The Dartmouth Observer
Friday, September 06, 2002
Laura, just as I criticized the Dartmouth administration for getting its "diversity" priorities mixed up, I'm going to take objection to the title of your previous piece, "Why I Love Literary Theory." You should have called it, "Why I Love Literature." I hope you love literature more than you love Theory (and I think you do).
You write, "the fact remains that literary theory is a powerful body of knowledge that has attracted the greatest minds in literary studies in the past twenty to thirty years." The same might be said about Marxism (as a socio-political theory, not just a "literary" one): just because a lot of prominent intellectuals are attracted to something doesn't mean it's true. Besides, there have been plenty of distinguished and principled dissenters as well: Roger Shattuck, Andrew Delbanco, Frank Kermode (widely regarded as this century's greatest critic), Camille Paglia, Helen Vendler, John Ellis, Jeffrey Hart, and Allan Bloom, to name a few. Many ex-Theorists, Frank Lentricchia being a prominent example, have turned their backs on Theory. Consider also that the rise of Theory had a lot to do with the growing professionalization of literary studies and the pressure on scholars to churn out articles on a regular basis, regardless of merit.
The words "powerful body of knowledge" is more equivocal than you think. Powerful yes - but true? It is difficult to place your trust completely in the hands of people who write badly and don't even refer closely to the text in the formulation of their views, which they then proceed to pass off as absolute truth ("Humanism is everything in Western civilization that restricts the desire for power" - Foucault). And what happens when the person happens to be a complete crackpot? I'm speaking here not of any minor theorist, but the great omnipotent Michel Foucault himself. Here is a person who, in 1978, argued for abolishing the age of consent for all sex acts, heterosexual and homosexual, because "It could be that the child, with his own sexuality, may have desired that adult." He also said that "If sex with a boy gives me pleasure - why renounce such pleasure?" [All this comes from the book, The Passion of Michel Foucault, by James Miller.] Normally one tries to make a distinction between a person's writings and his personal life. In Foucault's case, it is impossible.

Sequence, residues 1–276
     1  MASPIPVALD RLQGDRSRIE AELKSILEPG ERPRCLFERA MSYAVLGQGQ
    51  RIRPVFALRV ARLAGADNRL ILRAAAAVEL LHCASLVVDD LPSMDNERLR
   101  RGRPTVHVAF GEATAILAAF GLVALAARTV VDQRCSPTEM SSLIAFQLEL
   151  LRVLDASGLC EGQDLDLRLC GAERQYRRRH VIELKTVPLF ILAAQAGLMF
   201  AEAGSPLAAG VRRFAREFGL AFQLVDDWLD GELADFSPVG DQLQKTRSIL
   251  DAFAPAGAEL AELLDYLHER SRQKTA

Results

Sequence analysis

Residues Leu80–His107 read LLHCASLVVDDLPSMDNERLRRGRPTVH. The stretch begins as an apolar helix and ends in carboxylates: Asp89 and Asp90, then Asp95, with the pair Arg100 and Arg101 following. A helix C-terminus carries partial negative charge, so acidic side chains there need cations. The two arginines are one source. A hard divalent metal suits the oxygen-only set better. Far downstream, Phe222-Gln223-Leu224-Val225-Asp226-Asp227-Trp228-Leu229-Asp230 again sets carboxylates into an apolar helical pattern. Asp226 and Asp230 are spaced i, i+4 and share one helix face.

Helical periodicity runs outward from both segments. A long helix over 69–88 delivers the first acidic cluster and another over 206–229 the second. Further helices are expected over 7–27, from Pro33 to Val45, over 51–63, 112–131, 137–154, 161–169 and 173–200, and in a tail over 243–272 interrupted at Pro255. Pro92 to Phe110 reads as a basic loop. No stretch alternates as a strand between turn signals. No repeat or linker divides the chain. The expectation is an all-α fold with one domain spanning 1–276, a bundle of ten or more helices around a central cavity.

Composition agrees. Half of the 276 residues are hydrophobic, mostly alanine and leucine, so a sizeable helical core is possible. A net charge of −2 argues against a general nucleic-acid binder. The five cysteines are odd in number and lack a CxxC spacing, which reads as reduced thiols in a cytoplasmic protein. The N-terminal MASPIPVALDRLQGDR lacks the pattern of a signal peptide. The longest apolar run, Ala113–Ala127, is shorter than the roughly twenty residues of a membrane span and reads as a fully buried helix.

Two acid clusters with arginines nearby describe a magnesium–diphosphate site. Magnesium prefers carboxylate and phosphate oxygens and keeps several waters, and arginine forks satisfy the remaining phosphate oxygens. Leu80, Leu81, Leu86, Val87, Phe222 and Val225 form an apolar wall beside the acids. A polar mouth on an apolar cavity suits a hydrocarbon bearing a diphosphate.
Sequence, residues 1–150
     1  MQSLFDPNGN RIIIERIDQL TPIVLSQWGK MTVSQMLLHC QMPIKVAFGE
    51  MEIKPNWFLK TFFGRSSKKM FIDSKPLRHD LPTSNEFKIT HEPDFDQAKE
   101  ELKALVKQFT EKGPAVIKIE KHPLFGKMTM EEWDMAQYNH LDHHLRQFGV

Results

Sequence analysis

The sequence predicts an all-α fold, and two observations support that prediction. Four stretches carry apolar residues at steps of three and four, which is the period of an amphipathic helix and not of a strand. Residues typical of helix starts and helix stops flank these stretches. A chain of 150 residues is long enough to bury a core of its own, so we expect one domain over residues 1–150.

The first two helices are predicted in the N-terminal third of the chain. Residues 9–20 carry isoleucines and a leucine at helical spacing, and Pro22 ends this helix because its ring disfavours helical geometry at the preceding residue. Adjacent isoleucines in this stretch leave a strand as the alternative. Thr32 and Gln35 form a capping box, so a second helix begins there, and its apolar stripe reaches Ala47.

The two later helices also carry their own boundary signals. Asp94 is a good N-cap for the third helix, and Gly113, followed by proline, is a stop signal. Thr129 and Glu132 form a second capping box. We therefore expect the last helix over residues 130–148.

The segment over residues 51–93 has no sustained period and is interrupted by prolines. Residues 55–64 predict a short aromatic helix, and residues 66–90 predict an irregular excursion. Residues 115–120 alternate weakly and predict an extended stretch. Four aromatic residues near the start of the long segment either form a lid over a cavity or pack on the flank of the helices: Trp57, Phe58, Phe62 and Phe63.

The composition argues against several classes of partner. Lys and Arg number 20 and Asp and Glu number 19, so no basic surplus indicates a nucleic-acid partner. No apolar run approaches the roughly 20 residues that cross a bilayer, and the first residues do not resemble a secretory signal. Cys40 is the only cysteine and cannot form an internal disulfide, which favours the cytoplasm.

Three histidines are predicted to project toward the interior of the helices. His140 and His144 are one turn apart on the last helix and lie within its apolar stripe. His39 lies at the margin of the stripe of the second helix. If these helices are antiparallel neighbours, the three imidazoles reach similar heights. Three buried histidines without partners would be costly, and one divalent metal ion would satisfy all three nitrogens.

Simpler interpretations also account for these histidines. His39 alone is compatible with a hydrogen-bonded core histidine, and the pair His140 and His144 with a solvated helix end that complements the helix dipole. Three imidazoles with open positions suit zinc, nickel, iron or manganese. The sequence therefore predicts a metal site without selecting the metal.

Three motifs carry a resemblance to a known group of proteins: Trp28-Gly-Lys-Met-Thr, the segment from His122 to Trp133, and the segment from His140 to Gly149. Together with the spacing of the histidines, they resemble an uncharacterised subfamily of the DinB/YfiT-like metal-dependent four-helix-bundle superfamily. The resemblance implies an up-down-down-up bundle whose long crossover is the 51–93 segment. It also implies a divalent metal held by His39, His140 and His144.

Laura, you claim that the damage inflicted by Theory really isn't that bad, based on your "English classes and my conversations with other students." But your experiences are pretty narrow. Andrew Delbanco, on the other hand, is a very well-respected scholar with decades of experience in literary studies, and you're calling him sensationalistic and wrong-headed? He's not the only one saying these things, you know.
Stop criticizing Allan Bloom, Harold Bloom, and Jeffrey Hart. Have you read anything these distinguished scholars have written? The Closing of the American Mind, which I just re-read, is a profound and beautifully-written book. And by the way, Allan Bloom regarded Franklin Roosevelt as this century's greatest defender of democracy (so much for him being an "arch-conservative"). He was also a homosexual (as Saul Bellow documents in Ravelstein), but that in no way distorted the vision of education he held. Harold Bloom, like Lentricchia after him, turned away from theory in his later years having grown tired of its excesses. Finally, in what way is Jeffrey Hart "rancourous and ridiculous"? Smiling through the Cultural Catastrophe, despite its title, contains almost no polemics against multiculturalism. It is a learned and passionate defense of the Great Books, and is more well-written than The Western Canon. As for his articles in the Review, well, I think they're very good. Just because you disagree with them doesn't mean that they're "rancourous and ridiculous," yes? My favorite is this one on his strange friendship with...Allen Ginsberg. Another good read is "How to get a College Education."
"[T]he reality is that the intelligent and fascinating analysis of literature today is theoretical." I'm not so sure. I hope you're not implying that non-theoretical analysis is not and/or cannot be intelligent and fascinating. I've read plenty of non-theoretical stuff written during the days of theory that is really quite good. In fact, I regard such efforts even more highly because they're well-written, resist trendiness, and enhance my enjoyment of the poem or novel. Reading Judith Butler is not my idea of a good time.
In truth, Laura, your piece was very sensible. Now if only more people, including some professors here at Dartmouth, shared your views, the literary world would be a better place.